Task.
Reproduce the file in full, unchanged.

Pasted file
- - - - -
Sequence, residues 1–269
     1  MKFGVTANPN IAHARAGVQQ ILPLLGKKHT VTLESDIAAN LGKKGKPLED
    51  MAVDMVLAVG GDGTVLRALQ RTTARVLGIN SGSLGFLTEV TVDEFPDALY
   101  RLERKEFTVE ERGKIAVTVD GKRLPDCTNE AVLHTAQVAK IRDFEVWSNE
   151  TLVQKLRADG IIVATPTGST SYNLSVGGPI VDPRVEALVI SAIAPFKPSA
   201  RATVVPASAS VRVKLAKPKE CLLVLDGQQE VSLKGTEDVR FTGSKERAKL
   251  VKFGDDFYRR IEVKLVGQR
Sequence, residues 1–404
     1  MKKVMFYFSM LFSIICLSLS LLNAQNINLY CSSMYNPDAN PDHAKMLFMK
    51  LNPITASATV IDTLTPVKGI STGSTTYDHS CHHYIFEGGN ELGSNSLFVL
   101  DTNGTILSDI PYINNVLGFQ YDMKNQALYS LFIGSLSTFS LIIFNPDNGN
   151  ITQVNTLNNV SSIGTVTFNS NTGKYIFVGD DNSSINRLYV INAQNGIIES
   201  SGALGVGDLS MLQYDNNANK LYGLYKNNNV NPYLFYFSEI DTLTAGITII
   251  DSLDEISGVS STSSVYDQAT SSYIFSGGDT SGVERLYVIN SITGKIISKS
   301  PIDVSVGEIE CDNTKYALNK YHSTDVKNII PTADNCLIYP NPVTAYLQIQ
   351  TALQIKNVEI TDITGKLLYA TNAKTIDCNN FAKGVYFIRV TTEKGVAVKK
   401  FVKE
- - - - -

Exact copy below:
Sequence, residues 1–269
     1  MKFGVTANPN IAHARAGVQQ ILPLLGKKHT VTLESDIAAN LGKKGKPLED
    51  MAVDMVLAVG GDGTVLRALQ RTTARVLGIN SGSLGFLTEV TVDEFPDALY
   101  RLERKEFTVE ERGKIAVTVD GKRLPDCTNE AVLHTAQVAK IRDFEVWSNE
   151  TLVQKLRADG IIVATPTGST SYNLSVGGPI VDPRVEALVI SAIAPFKPSA
   201  RATVVPASAS VRVKLAKPKE CLLVLDGQQE VSLKGTEDVR FTGSKERAKL
   251  VKFGDDFYRR IEVKLVGQR
Sequence, residues 1–404
     1  MKKVMFYFSM LFSIICLSLS LLNAQNINLY CSSMYNPDAN PDHAKMLFMK
    51  LNPITASATV IDTLTPVKGI STGSTTYDHS CHHYIFEGGN ELGSNSLFVL
   101  DTNGTILSDI PYINNVLGFQ YDMKNQALYS LFIGSLSTFS LIIFNPDNGN
   151  ITQVNTLNNV SSIGTVTFNS NTGKYIFVGD DNSSINRLYV INAQNGIIES
   201  SGALGVGDLS MLQYDNNANK LYGLYKNNNV NPYLFYFSEI DTLTAGITII
   251  DSLDEISGVS STSSVYDQAT SSYIFSGGDT SGVERLYVIN SITGKIISKS
   301  PIDVSVGEIE CDNTKYALNK YHSTDVKNII PTADNCLIYP NPVTAYLQIQ
   351  TALQIKNVEI TDITGKLLYA TNAKTIDCNN FAKGVYFIRV TTEKGVAVKK
   401  FVKE